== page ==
The Bank of England announced unlimited bond purchases on Thursday to shore up Britain's financial markets battered by the government's plans to cut taxes, but the TOKYO retreated from a bounce against the dollar overnight after the Bank of England announced that it would buy bonds to shore up Britain's financial markets.
The UK currency has jumped the most since mid-June on Wednesday, pulling the euro after the BoE conducted the first of its emergency bond-buyback operations, worth more than 1 billion pounds. It pledged to buy as many long-dated gilts as needed until October 14.
The pound was a 0.51 per cent lower than $1.0831 at the time of 1200 GMT, returning some of the previous session's 1.41 per cent rally. The euro weakened by 0.32 per cent to $0.97065, the biggest gain since early March, after Wednesday's 1.51 per cent surge.
The pound fell to a new record low of $1.0327 on Friday as investors gave a scathing verdict on the new government's plan for record tax cuts, which is funded by a massive increase in borrowing, at the same time as the BoE tightens monetary policy to rein in rampant inflation.
Europe's shared currency had plunged to a new two-decade low of $0.9528.
Carol Kong, a strategist at Commonwealth Bank of Australia, wrote in a client note that the BoE's bond purchases may temper the UK government's borrowing costs but have not resolved the tensions between fiscal loosening and monetary tightening.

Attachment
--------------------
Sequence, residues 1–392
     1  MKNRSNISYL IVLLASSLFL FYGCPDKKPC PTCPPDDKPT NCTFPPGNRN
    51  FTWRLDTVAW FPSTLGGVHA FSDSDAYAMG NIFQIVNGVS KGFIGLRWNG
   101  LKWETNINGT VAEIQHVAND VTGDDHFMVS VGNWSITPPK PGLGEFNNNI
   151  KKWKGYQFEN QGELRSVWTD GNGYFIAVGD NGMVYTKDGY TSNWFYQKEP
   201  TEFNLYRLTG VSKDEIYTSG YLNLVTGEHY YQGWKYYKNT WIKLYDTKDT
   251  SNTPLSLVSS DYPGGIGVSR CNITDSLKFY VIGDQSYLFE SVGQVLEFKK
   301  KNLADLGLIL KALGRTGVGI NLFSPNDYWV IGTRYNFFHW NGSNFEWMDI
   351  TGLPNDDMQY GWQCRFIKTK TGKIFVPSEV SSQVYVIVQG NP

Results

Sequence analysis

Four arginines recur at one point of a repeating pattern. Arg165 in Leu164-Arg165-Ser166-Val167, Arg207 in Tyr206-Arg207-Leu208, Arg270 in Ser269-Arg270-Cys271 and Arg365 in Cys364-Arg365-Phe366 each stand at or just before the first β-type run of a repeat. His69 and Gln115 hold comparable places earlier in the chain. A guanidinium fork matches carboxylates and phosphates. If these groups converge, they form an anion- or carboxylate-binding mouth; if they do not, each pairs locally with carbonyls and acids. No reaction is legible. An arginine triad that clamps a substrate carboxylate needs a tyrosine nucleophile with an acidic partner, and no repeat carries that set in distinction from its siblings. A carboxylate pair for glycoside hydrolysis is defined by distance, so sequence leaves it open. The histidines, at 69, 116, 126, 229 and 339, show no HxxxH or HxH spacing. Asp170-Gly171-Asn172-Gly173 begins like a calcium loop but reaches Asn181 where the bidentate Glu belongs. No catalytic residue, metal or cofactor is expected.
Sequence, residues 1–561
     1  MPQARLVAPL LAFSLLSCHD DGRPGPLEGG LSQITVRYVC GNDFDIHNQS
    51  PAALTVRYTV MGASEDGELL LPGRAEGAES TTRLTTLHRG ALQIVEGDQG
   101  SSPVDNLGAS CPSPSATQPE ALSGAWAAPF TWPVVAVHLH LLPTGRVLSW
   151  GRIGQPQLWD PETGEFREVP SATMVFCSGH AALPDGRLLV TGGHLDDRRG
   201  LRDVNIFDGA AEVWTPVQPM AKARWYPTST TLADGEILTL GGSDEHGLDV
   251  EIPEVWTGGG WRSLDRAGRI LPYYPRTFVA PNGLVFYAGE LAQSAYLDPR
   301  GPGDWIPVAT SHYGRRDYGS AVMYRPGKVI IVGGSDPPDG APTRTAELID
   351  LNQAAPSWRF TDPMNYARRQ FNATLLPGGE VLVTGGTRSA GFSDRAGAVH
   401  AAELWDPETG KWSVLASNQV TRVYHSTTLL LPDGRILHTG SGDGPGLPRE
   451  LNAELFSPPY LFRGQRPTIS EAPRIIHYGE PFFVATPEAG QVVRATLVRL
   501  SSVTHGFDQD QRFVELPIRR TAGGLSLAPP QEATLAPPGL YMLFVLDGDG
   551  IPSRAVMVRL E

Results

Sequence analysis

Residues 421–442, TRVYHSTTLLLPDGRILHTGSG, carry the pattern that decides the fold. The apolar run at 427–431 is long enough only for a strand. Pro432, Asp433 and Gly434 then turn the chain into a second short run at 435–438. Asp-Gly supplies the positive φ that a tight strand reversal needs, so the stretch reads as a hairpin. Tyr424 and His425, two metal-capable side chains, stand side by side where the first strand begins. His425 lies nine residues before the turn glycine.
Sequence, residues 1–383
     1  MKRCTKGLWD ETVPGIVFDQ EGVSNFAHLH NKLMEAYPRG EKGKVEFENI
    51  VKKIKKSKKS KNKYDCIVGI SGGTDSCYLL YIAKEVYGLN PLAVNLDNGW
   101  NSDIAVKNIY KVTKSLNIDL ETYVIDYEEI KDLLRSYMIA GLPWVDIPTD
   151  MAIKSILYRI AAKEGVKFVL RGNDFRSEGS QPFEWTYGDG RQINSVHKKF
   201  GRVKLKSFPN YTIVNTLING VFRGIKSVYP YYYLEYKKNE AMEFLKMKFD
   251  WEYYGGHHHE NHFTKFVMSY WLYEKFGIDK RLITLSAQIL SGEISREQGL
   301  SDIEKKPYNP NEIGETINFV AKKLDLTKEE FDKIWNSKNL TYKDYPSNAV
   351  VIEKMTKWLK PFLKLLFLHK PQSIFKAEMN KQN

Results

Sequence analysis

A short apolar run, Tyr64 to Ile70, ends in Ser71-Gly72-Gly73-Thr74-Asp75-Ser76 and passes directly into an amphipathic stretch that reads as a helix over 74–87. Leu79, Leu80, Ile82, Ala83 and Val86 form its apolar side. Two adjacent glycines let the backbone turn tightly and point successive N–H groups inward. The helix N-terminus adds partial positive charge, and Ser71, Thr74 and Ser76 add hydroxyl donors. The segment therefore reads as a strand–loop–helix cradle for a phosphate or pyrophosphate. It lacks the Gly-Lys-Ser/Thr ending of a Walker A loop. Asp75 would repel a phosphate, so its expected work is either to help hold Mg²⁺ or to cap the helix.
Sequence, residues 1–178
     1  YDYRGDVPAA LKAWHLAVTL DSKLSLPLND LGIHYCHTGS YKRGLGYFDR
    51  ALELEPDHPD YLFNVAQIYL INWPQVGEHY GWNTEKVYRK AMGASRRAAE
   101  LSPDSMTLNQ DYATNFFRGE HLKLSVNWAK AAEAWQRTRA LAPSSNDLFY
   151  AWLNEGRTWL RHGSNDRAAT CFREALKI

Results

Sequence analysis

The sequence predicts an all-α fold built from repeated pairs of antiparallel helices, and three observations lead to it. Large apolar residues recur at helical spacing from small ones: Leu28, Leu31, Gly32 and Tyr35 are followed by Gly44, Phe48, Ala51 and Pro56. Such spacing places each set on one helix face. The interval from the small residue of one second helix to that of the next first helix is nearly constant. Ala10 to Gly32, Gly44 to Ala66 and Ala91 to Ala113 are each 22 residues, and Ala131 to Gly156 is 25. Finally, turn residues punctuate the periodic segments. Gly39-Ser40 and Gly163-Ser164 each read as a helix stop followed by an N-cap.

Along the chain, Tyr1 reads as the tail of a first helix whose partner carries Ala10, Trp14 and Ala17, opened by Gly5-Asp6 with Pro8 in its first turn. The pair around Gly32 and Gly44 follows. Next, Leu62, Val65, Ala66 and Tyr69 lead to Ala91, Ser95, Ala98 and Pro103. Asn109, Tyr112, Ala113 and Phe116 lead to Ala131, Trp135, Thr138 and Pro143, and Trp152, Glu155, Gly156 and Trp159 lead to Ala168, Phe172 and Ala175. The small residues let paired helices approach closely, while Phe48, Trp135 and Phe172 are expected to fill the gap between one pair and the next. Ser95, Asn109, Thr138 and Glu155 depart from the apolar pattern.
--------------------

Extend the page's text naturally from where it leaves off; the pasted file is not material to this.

Concerns about the UK's fiscal plan and its economy suggest that GBP will likely stay with the USD and other major currencies in the near term. The U.S. dollar index, which measures the dollar against sterling, the euro and four other major peers, fell 0.07 per cent higher to 113.11, heading back to Wednesday's 20 year high of 114.78.
The dollar increased by 0.23 per cent to 144.43 yen. The currency pair has kept its head below the 145 line since Japanese officials intervened a week ago, following a surge to a 24 year high of 145.90 that day.
The risk-sensitive Australian dollar fell 0.38 per cent to $0.64995, giving back some of Wednesday's 1.34 per cent climb.
New Zealand's currency dropped by 0.42 per cent to $0.5706, after a 1.7 per cent surge in the previous session.